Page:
Born with “a heart that craved travel,” Korrin Torres has certainly lived those words. The former Fox Sports producer, and wife of baseball player Nicholas Torres (Kansas City T-Birds of the American 

 Baseball), Torres has built a brand touting the life of The Baseball Gypsy, which includes a blog, YouTube channel and Instagram account. Baseball gypsy hat

Torres brand includes an eight piece collection,  such as baseball hats, at left. A highlight of the line is something for those with a love for '90s sitcom, “Friends” - a t-shirt with “Gypsy” written in the television show's iconic style. “This shirt tells the story of grinding through life with the help of the friends around us,” writes Torres. 

Baseball Gypsy FRIENDS

While The Baseball Gypsy brand centers on adventure and travel, Torres wants to inspire others to follow their own dreams. Torres also hopes to create a community for wanderers like her. “Through The Baseball Gypsy, my hope is to encourage others to go after what their heart wants,” says Torres on her site. 





Association of Fun With Bobbleheads: Potomac Nationals

By: RoseAnn Sapia

Potomac Nats

Of all the promotions baseball teams  create, bobbleheads giveaways  are always highly popular among fans of all ages. This season, the Potomac Nationals are once again getting creative with the fan favorite promotional items. The Class A-Advanced affiliate of the Washington Nationals is putting a fun spin on the tradition, and using this season’s bobbles to showcase unique qualities of their most recognizable alumni. These bobbleheads could even draw the attention of any baseball fan, even those that don’t rep the Nats, because of their creativity.

The Trea Turner Road Runner is one of my favorites in the collection, portraying the speed of the third-year shortstop. The Michael A. Tater bobble is everything you'd expect. Using Michael A. Taylor’s nickname, which is in fact Michael A. Tater, this bobblehead puts Taylor’s face on a potato. Perhaps the most coveted offering this season’s is the Bryce Harper “Real Slicked Back Hair” Bobblehead, distributed on Grease 40th Anniversary Night at the ballpark. That bobblehead features Bryce’s renowned show-hair styled like the T-Birds. Complete details can be found here. Image above can be opened as well.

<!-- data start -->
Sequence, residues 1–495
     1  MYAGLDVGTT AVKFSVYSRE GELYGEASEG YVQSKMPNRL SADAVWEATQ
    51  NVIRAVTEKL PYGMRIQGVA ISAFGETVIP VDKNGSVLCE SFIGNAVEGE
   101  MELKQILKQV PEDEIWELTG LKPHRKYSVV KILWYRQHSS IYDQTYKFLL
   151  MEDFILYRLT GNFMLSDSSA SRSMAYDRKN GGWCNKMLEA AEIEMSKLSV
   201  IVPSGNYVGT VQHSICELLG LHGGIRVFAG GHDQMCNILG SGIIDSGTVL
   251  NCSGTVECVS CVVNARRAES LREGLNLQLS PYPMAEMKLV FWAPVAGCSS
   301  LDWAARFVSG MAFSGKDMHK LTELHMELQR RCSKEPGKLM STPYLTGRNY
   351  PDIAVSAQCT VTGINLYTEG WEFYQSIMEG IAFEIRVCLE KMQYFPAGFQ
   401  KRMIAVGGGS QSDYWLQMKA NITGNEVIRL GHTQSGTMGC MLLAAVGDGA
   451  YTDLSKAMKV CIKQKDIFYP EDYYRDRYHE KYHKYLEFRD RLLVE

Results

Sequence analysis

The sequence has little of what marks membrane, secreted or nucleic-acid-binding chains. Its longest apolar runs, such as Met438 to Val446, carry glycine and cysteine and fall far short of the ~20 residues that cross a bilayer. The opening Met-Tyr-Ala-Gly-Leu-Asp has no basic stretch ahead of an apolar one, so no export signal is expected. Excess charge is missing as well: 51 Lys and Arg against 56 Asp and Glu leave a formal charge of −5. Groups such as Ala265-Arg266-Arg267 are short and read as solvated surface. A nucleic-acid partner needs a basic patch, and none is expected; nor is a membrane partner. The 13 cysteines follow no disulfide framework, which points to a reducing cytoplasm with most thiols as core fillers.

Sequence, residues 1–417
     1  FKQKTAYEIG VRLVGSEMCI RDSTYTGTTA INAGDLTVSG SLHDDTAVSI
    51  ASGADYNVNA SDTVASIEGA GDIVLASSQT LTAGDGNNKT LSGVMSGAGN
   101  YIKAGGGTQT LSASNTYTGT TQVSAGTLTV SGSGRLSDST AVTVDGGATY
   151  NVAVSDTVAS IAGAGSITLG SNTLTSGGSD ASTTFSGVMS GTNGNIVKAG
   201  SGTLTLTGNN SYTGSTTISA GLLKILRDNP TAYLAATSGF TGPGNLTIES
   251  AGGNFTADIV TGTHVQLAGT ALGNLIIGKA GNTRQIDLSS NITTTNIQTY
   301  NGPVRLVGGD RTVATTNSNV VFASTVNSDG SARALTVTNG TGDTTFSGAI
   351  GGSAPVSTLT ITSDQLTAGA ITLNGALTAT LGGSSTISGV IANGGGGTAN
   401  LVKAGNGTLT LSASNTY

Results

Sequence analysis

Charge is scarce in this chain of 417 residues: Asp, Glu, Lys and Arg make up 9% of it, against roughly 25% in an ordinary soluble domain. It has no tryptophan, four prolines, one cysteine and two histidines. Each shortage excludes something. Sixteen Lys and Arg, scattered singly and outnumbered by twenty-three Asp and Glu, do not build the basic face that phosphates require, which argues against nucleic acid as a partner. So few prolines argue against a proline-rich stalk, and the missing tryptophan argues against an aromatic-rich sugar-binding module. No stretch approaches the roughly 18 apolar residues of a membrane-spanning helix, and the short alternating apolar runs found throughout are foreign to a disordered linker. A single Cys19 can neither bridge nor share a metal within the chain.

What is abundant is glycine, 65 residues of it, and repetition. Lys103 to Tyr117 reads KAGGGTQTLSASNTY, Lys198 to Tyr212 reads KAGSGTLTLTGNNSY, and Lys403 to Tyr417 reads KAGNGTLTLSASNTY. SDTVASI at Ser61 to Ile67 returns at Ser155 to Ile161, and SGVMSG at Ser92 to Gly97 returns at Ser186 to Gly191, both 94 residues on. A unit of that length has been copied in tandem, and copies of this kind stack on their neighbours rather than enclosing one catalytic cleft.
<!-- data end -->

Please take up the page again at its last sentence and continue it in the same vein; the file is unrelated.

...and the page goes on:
Good Dogs and Baseball: Who Could Ask For Anything More?

By Helen Silfin

Minor League Baseball has always used promo nights to put a special spotlight on man’s best friend. Thunder Dog

The Trenton Thunder are in their own class, showcasing the work of three generations of good dogs since 2002. Chase was the first of the Thunder’s bat dogs, and his son Derby, and now Derby’s son, Rookie, succeeded him. Bat dog duties include retrieving players’ bats, as well as assisting with the pregame lineup exchange, and bringing water to umpires.

Like many sports and dog loving millennials, I grew up wishing Air Bud would play for my favorite team. This lineage of bat dogs might be as close as the real world will ever get to Air Bud, as they are all golden retrievers. Even though the bat dogs are not officially on the team’s roster, they make essential contributions to the game. The Thunder would simply not be the same without them.

Beyond the Thunder’s daily dose of dog, there are many other Minor League Baseball teams who celebrate furry friends throughout the season.

The New Hampshire Fisher Cats have embraced bat dogs themselves, and their recently retired buddy, Ollie, likes  visiting his old team.

The Richmond Flying Squirrels must be commended for how well and often they include man’s best friend in ballpark festivities. Their “Bark in the Park” Nights are rarely limited to dogs parading around the warning track or sitting in designated sections of the stands. Richmond’s upcoming dog-related promotions include a dog trick show (July 16) and dog festival with dog-related vendors (August 27).  They have also already had a dog-inclusive family portrait session and dog bowl giveaway this season.

Dogs have even made their way into the hands of baseball card collectors thanks to some creative promotions. The Albuquerque Isotopes gave away a set of cards featuring players posing with a selection of special rescue pups. Similarly, the Lowell Spinners gave away a card set featuring 20 Spinners-loving dogs last season. Thunder Dog

Dog promotions are definitely on the upswing throughout Minor League Baseball. Between Bark in the Park and bat dogs, pretty soon puppers are going to be the top dogs associated with baseball, not hot dogs.




Lifer artwork by Helen Silfin